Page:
http://www.maplin.co.uk/Module.aspx?ModuleNo=45237

They can be found cheaper many times at car boots.
 

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**** Are you using DC or DCC David? To be honest 7/.02 is marginal on either really, but is definately far too small for DCC track bus wiring.

It is WAY too small for turnout motors - for that you need at the very least double the size, preferably larger (voltage drop will be an issue - a peco or seep point motor draws about 4 amps momentarily and over any length of that small wire, you will lose a lot of voltage)

Richard
 

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7/02 wire has a maximum continuous current rating of 1.4A and a resistance or .1 ohm per metre. While it can handle much higher currents for a very short time the voltage could be a significant factor. For instance, 0.5A over a 2m length will give a voltage drop of 1 Volt; hardly significant for traction. Point motors take much higher currents. However, if you are using a CDU with a reasonably high voltage, there should be no problem unless you are using route switching, in which case, the wire supplying the diode matrix should be heavier duty. Also, you might have problems with a long wire run feeding two points (as in a crossover with linked points switching).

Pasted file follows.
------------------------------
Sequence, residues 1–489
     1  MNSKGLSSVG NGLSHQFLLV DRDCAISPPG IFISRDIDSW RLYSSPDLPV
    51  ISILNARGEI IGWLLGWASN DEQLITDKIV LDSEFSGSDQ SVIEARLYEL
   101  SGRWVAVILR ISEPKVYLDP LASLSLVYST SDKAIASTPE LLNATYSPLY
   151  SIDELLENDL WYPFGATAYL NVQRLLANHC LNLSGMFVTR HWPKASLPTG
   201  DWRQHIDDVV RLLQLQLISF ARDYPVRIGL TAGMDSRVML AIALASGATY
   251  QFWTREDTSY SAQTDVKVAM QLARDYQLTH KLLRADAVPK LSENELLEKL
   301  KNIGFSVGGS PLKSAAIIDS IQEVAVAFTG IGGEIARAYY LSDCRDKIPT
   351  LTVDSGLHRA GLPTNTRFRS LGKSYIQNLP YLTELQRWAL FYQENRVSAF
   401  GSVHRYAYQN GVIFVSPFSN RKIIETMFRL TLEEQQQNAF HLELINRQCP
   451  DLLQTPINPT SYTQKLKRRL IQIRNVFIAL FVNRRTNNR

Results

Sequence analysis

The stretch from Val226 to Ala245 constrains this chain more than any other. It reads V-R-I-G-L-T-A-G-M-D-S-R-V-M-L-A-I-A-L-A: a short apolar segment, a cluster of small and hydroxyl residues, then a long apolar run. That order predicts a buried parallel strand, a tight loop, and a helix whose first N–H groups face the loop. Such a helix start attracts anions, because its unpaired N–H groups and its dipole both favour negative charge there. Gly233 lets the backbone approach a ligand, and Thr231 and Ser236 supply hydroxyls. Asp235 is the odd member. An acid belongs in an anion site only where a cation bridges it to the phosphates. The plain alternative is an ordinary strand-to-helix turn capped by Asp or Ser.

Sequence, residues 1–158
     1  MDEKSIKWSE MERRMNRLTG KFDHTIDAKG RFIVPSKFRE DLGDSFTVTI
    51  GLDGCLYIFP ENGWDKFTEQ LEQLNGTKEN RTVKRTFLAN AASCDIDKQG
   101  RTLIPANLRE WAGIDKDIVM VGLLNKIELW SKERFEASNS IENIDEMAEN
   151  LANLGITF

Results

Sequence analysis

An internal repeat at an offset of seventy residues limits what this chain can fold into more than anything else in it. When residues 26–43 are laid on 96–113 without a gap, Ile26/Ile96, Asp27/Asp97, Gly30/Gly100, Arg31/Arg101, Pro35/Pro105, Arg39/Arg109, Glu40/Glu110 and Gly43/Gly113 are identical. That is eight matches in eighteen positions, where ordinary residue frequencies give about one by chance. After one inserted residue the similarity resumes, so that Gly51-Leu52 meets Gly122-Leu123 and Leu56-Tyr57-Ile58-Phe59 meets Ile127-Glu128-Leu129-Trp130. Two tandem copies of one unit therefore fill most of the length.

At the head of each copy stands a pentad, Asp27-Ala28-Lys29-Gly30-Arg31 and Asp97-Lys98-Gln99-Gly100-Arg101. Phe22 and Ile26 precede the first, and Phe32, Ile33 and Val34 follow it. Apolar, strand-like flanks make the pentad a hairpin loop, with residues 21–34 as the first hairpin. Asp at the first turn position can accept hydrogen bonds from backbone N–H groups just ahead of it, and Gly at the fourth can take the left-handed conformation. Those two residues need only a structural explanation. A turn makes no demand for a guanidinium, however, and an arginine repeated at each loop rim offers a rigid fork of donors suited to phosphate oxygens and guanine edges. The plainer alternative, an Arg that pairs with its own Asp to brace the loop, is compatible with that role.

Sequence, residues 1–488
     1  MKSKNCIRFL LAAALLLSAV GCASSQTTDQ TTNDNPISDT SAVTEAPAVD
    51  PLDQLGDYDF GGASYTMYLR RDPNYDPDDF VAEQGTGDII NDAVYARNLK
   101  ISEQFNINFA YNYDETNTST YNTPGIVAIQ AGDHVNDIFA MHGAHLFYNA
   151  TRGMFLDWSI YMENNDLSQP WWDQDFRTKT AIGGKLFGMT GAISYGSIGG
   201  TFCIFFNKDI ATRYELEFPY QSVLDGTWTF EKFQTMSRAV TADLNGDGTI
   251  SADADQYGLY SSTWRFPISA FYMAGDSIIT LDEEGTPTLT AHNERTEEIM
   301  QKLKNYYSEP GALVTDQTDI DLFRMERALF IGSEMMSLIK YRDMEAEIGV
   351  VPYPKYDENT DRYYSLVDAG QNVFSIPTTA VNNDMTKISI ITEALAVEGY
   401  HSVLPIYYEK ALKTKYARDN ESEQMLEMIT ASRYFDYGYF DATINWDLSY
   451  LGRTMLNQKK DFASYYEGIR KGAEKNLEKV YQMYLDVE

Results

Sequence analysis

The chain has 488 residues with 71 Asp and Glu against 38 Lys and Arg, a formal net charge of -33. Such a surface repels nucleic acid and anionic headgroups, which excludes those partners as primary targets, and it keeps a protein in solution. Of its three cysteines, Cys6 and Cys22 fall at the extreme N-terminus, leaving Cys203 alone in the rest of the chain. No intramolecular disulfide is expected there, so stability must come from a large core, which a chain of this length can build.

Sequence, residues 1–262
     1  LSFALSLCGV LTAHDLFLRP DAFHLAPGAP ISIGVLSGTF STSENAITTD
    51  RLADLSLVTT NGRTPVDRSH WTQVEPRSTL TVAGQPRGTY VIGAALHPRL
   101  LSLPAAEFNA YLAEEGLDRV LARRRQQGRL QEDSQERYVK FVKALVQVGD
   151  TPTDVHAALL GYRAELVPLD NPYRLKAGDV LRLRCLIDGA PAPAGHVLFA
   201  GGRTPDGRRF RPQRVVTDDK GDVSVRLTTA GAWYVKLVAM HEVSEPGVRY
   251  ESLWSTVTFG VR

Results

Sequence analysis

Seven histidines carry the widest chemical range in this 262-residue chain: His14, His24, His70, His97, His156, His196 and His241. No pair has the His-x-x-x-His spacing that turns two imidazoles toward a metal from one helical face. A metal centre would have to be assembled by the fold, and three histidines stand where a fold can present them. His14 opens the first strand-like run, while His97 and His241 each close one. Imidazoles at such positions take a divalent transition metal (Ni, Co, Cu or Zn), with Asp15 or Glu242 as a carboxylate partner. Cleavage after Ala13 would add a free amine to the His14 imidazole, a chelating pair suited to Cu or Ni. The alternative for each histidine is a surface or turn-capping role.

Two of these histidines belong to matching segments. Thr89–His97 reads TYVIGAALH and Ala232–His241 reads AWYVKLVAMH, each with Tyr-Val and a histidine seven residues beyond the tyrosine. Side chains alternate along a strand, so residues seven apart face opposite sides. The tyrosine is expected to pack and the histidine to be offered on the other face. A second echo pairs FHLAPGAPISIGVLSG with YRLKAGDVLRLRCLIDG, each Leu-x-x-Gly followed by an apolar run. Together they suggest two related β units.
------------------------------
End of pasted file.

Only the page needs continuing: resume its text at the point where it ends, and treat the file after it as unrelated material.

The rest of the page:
Reference: Model Rail Forum > The Engine Sheds - Community Forums > Tracks, Layouts & Scenery > Wiring for pont (sic) motors, last post 14th April 2008.